In pre-licensing clinical trials of Prevnar (PCV7), children in groups who received the pneumococcal vaccine suffered more seizures, irritability, high fevers and other reactions. There were 12 deaths in the Prevnar (PCV7) group, including 5 Sudden Infant Death Syndrome (SIDS) deaths. No long term studies were completed to evaluate whether Prevnar (PCV7) vaccine given alone or in combination with other vaccines had any association with chronic illness or disabilities, such as the development of diabetes, asthma, seizure disorders, learning disabilities, ADHD, or autism. 

Pre-licensing clinical safety trials of Prevnar 13 (PCV13) compared this next generation vaccine against the original Prevnar (PCV7) vaccine, a vaccine inadequately studied for safety and by 2012, concerns regarding a link between febrile seizure and Prevnar 13(PCV13) had been reported.  

PCV13 was found to be associated with an elevated risk of febrile seizures when administered independently  as well as when given in combination with the inactivated injected influenza vaccine (IIV).   The CDC continues to encourage simultaneous vaccine of both PCV13 and IIV vaccines despite knowledge of an increased risk of seizures in children. 

Studies have also linked PCV vaccine to Guillain-Barre Syndrome,  polyserositis,  septic shoulder  and erythema multiforme. 

PPSV23 vaccine side-effects (Pneumococcal Polysaccharide)

According to the CDC, approximately 50 percent of individuals who receive the pneumococcal polysaccharide vaccine (PPSV23) experience pain and redness at the injection site. Muscles aches, fever, and more severe localized reactions can also occur following administration of PPSV23.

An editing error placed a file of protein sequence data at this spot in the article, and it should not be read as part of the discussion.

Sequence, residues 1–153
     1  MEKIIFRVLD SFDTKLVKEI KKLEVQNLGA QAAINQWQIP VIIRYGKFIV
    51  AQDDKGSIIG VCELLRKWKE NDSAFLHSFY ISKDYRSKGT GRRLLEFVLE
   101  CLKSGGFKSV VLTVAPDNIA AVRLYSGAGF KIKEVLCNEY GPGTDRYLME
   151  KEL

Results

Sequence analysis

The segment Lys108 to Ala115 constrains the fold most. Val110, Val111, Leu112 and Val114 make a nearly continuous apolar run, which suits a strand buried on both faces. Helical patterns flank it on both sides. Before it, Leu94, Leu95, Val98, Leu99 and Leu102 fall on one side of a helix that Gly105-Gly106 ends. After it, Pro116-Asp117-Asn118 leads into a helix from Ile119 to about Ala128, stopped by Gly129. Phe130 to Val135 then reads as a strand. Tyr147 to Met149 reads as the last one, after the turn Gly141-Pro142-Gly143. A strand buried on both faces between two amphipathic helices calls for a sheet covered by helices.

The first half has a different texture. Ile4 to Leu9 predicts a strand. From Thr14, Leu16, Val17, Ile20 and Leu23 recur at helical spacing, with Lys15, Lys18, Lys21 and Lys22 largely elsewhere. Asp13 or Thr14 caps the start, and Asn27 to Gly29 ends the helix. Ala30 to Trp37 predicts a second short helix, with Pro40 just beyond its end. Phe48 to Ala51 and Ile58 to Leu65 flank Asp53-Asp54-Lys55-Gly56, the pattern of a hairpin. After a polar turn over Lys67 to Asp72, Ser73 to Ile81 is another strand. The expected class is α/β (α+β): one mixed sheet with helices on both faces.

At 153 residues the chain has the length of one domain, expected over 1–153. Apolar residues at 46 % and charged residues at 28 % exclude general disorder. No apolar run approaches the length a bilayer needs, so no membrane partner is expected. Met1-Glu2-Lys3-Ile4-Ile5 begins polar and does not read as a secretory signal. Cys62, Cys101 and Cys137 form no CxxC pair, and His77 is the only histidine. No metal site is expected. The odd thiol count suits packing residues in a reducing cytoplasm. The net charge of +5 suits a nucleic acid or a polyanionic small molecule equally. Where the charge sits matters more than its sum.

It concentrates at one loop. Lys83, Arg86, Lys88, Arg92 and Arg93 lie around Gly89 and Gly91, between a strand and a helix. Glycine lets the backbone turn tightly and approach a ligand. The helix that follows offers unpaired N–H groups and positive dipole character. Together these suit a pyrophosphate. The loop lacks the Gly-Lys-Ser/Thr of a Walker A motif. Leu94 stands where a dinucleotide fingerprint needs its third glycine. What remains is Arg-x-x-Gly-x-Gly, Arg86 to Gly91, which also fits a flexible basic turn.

PNEUMOVAX23 (PPSV23) adverse reactions reported in adults during pre-licensing clinical trials: injection site pain, redness, itching, bruising and swelling, headache, chills, fever, diarrhea, dyspepsia, nausea, upper respiratory infection, back pain, neck pain, pharyngitis, muscle pain, fatigue, depression, ulcerative colitis, chest pain, angina pectoris, heart failure, tremor, stiffness, sweating, stroke, lumbar radiculopathy, pancreatitis, myocardial infarction, and death. 

Nearly 80 percent of individuals participating in pre-licensing clinical trials experienced an injection-site adverse reaction following revaccination at three to five years following the initial vaccine. The rate of systemic adverse reactions (headache, fatigue, myalgia) following revaccination with PPSV23 was also higher with 33 percent of adults aged 65 and older and 37.5 percent of adults between 50 and 64 reporting an adverse reaction. 

PNEUMOVAX23 (PPSV23) adverse reactions reported post-marketing: Anaphylactoid reactions, serum sickness, angioneurotic edema, arthritis, arthralgia, vomiting, nausea, decreased limb mobility, peripheral edema in the limb where injection occurred, fever, malaise, cellulitis, injection site warmth, lymphadenopathy, lymphadenitis, leukocytosis, thrombocytopenia in patients with stabilized idiopathic thrombocytopenic purpura, hemolytic anemia in patients who have had other hematologic disorders, paresthesia, Guillain-Barré syndrome, radiculoneuropathy, febrile convulsion, rash, erythema multiforme, urticaria, and cellulitis-like reactions.